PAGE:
Will the benefits cap affect you if you're a pensioner?
Published 3 January 2017
Find out if your benefits have changed.
If you claim benefits, you might find you don’t get as much as you did a few months ago. That’s because in November 2016, the benefits cap limit dropped to £20,000 a year per household, or £23,000 if you live in London.
The lower benefits cap means that some of the poorest families on benefits in the UK could now be struggling to make ends meet. But if you’re a pensioner, will the benefits cap affect what you can claim? Pension Credit doesn’t come under the benefits cap – but could it affect you in other ways?
Which benefits are affected?
The benefits cap is the maximum amount you can claim in a year. It means that even if you claim several different benefits, your household can never get more than £20,000 in a year. Or, if you live in London, you can claim up to £23,000 a year per household.
Only certain benefits come under the benefits cap. These are:
• Bereavement Allowance,
• Child Benefit,
• Child Tax Credit,
• Employment and Support Allowance,
• Housing Benefit,
• Incapacity Benefit,
• Income support,
• Jobseeker's Allowance,
• Maternity Allowance,
• Severe Disablement Allowance,
• Widowed Parent's Allowance,
• Widowed Mother's Allowance, and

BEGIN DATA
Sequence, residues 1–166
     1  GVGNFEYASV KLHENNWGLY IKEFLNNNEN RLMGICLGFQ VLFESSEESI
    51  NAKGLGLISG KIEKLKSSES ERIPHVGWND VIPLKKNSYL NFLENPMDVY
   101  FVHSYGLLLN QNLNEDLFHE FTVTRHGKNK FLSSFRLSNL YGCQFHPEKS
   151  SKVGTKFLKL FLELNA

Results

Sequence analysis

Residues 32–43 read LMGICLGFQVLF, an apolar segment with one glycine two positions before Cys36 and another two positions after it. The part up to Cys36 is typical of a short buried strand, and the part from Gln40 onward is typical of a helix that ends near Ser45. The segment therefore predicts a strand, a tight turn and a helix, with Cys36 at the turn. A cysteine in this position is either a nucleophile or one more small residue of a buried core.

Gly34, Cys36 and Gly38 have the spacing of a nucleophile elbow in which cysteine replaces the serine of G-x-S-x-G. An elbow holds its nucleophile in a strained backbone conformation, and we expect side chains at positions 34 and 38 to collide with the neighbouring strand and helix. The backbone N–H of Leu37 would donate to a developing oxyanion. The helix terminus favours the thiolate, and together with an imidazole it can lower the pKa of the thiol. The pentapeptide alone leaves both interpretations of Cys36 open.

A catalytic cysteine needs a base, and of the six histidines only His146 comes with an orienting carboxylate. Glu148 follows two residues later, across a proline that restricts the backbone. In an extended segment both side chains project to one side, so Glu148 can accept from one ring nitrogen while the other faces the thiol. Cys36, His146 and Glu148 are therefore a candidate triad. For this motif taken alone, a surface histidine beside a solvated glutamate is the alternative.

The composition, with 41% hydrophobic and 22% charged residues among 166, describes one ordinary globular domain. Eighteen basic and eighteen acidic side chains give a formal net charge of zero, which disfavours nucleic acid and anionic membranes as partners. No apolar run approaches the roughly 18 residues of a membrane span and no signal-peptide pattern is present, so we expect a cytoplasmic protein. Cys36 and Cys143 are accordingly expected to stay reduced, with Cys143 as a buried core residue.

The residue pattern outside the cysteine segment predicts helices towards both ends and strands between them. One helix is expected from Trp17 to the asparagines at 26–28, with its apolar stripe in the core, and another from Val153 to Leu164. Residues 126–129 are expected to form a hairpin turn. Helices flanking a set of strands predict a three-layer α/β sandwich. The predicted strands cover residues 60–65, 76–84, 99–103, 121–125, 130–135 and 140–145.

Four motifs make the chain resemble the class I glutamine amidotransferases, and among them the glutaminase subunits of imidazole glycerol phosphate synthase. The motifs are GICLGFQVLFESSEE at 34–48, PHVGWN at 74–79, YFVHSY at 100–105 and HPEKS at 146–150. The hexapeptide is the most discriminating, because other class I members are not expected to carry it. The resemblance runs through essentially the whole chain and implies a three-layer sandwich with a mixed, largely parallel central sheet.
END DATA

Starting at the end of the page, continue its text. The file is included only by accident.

• Widow's Pension.
So it’s only these benefits that are included when you’re working out whether the benefits cap will affect how much you can claim. Any other benefits don’t come under it.
Will it affect you?
The benefits cap doesn’t affect everyone on benefits – certain groups of people are exempt from it. This includes if you or your partner qualify for Working Tax Credit or if you’re over the qualifying age for Pension Credit. This means that if you’re a pensioner, the benefits cap won’t affect how much you can claim.
You also won’t have to worry about the benefits cap if you claim certain benefits, including Personal Independence Payment, Universal Credit for 'limited capability for work and work-related activity' or Working Tax Credit.
Is anything else changing?
Over the next year, new claimants will no longer get Pension Credit. Instead, they’ll just get Universal Credit. The change will come after the rollout of Universal Credit for the rest of the country – it’s likely to be late 2017.
This will only affect you if you start claiming Pension Credit after the benefit has moved under Universal Credit. If you’re already over Pension Age and you claim Pension Credit, you don’t need to worry about the change.
But if you’re due to reach pension age at some point after the change to Pension Credit or if there’s a break in your Pension Credit for some reason, it will affect you. And if this is the case, you might want to think about managing Universal Credit with a budgeting account.